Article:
COBURN GORE TOWNSHIP — A justice lowered bail on Monday for a Canadian couple accused of crossing the border on Route 27 into Maine with 4.63 pounds of suspected powdered cocaine in a suitcase on Friday.

Jermaine Phillips Franklin County Detention Center photo

Jermaine T. Phillips, 40, of Brampton and Shanna C. Brown, 37, of Cornwall, both of Ontario, Canada, were each arrested on a charge of aggravated trafficking of scheduled drugs, according to a Maine Drug Enforcement Agency sworn affidavit filed in a Farmington court.

U.S. Immigration and Customs Enforcement special agent Kenneth Bradley contacted a MDEA special agent and informed him that Phillips and Brown crossed into the U.S. with 4.63 pounds, or 2,100 grams, of suspected cocaine hydrochloride powder. The drug agent went to the Coburn Gore Port of Entry and met with Bradley who advised him that the couple told him they “accidentally” came to the border crossing and entered the U.S.

The GPS the couple were using took them this way and they didn’t see that they were entering the United States, according to the drug agent’s affidavit.

Brown and Phillips are not U.S. citizens.

During an interview with border patrol and Bradley, a police K-9 alerted to the trunk of the couple’s vehicle. Inside the trunk was luggage including a suitcase. Inside the suitcase was allegedly the 4.63 pounds of suspected cocaine powder.


Shanna Brown Franklin County Detention Center photo

Border patrol agents tested both bricks of the suspected cocaine and received a presumptive positive result for the drug on both bricks, according to the affidavit.

The drug agent arrested Phillips and Brown. Franklin County Sheriff’s deputies drove the couple to the Franklin County Detention Center in Farmington. Deputies had been called to assist border patrol at about 7:22 p.m. on Friday.

Aggravated trafficking is 112 grams or more of cocaine HCL, according to the affidavit. The amount of cocaine found equaled 2,100 grams with a street value for a gram of cocaine powder being $100 to $200 a gram, $210,000 to $420,000, respectively.

The couple were held over the weekend in lieu of $500,000 bail.

Brown and Phillips made an initial appearance from the jail before Justice Thomas McKeon on Zoom on Monday afternoon.

Assistant Attorney General David Fisher told the court that Phillips had a record of convictions for illegal drugs and guns going back to back to 2000.


“They say they accidentally crossed the border,” Fisher said, but he said it was hard to believe. He will be adding a second charge of aggravated illegal importation of a scheduled drug.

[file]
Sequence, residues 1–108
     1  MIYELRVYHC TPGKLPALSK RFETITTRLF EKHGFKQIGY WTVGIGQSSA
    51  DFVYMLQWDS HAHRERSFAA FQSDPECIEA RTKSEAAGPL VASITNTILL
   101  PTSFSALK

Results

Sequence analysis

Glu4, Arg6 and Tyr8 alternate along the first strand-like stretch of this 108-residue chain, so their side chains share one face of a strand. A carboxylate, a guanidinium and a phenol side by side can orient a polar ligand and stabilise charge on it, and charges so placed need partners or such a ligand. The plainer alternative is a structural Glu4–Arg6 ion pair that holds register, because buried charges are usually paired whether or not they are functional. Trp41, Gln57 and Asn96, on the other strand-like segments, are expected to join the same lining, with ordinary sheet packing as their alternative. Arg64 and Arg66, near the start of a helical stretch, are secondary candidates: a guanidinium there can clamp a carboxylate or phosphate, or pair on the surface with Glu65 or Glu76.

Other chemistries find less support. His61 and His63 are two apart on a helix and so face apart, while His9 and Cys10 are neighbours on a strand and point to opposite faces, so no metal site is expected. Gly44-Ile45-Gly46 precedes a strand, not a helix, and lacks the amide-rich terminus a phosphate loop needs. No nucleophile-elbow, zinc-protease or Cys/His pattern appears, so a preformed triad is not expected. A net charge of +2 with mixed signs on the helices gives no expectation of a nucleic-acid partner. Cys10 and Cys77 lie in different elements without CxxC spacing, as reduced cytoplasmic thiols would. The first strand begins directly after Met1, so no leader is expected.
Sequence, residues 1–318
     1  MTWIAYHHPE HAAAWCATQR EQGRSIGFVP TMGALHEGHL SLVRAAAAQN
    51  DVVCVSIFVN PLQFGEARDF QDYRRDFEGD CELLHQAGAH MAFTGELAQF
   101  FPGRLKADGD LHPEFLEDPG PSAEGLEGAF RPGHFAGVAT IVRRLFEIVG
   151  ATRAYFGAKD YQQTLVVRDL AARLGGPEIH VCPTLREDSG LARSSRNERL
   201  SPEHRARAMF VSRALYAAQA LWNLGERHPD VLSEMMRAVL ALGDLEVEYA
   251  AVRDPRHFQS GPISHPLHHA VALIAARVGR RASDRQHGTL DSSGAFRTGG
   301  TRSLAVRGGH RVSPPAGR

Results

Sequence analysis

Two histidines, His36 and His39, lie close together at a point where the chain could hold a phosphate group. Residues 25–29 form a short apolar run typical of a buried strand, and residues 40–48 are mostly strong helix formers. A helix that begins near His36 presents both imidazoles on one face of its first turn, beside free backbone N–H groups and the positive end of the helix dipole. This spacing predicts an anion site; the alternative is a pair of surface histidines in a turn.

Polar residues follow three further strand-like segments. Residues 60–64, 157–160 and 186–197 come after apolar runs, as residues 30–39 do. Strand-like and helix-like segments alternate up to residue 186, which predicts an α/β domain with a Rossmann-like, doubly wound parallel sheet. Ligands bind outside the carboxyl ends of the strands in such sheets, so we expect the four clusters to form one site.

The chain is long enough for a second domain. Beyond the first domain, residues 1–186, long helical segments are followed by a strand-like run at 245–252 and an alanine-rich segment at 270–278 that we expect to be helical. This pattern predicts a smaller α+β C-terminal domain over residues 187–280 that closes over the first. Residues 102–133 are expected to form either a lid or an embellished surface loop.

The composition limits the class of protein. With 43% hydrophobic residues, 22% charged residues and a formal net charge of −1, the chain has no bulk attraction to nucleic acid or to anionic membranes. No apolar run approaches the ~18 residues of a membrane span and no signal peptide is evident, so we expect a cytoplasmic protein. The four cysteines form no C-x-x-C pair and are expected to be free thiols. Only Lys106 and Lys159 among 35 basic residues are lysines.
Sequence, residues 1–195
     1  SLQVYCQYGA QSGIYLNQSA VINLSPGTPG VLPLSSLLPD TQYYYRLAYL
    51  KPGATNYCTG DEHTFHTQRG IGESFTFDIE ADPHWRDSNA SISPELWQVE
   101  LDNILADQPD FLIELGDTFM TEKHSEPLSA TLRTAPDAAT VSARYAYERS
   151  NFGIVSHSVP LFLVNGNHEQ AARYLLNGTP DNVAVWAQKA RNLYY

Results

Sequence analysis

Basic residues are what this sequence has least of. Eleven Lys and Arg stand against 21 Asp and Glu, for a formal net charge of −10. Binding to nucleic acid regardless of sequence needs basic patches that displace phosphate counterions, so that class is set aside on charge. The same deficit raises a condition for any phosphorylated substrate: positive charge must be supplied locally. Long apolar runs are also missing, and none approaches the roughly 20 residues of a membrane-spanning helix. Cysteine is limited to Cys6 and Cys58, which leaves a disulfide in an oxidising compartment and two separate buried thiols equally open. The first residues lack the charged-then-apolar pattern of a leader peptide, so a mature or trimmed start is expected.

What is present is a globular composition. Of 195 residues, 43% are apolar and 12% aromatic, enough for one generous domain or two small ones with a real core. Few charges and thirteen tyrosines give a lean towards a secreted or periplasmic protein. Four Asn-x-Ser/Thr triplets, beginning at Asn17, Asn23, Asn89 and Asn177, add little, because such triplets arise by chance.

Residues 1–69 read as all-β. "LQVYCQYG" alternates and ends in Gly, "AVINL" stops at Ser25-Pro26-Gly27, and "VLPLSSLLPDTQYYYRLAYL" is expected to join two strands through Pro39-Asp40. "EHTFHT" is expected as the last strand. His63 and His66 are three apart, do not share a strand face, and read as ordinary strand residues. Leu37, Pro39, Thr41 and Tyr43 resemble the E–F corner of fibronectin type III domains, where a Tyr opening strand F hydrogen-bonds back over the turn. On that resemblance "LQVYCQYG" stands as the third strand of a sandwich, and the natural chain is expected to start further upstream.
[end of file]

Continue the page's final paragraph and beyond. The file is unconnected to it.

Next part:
He requested bail be kept at $500,000 cash because of the significant amount of cocaine. He cited public safety and a risk of fleeing the country and not returning to Maine for scheduled court appearances among other issues.

Mr. Phillips believes his family could come up with $10,000 for bail, said attorney Christopher Berryment, who represented the two defendants for the day. He would waive extradition to come back to Maine, Berryment said.

If he failed, he would be committing another crime, he said.

Justice McKeon said he is always a little troubled when someone is seeking a court appointed attorney and has $200,000 worth of contraband.

The couple has no connection to Maine.


“At this point, we need to have a significant amount of cash bail to ensure he returns,” McKeon said, adding $10,000 is not significant enough.

He appointed attorney Jason Ranger to represent Phillips.

McKeon set bail at $350,000.

McKeon told Phillips after he meets with Ranger that they could set a hearing to review bail. A dispositional conference was set for Jan. 13, 2022. Conditions included no use or possession of illegal drugs, search upon articulable suspicion and no contact with Brown. Another condition was that he not leave the state of Maine. All information will be sent to Ranger.

Brown was crying when it was her turn to be seen by the justice. McKeon appointed A. Tucker Derstine to represent her.

“I will be here. I will never run,” Brown said through her tears. She said she has never not appeared in court.


Fisher read a significantly lesser record for Brown.

It is hard to believe they were not working in concert, he said, repeating the reasons why a high bail should be set.

Brown has two young children, one of whom has autism, Berryment said. Her family could come up with some money. She has never spent more than a couple of days in jail, he said. She has a business and another job. She also has health issues of anxiety and asthma, he said. He asked for a lower bail given her lack of record compared to Phillips, he said.

McKeon said he could not ignore the “sheer amount of drugs brought into the state of Maine.”

Given the difference in the records, it still needs to be very significant, he said.

McKeon set Brown’s bail at $100,000. Drug trafficking is taken very seriously in Maine, he said.

Brown’s next court date is set for Jan. 13, 2022. He told her that her attorney could have bail reviewed.

A conviction on a charge of aggravated trafficking carries a maximum 30 years in prison and up to a $50,000 fine.

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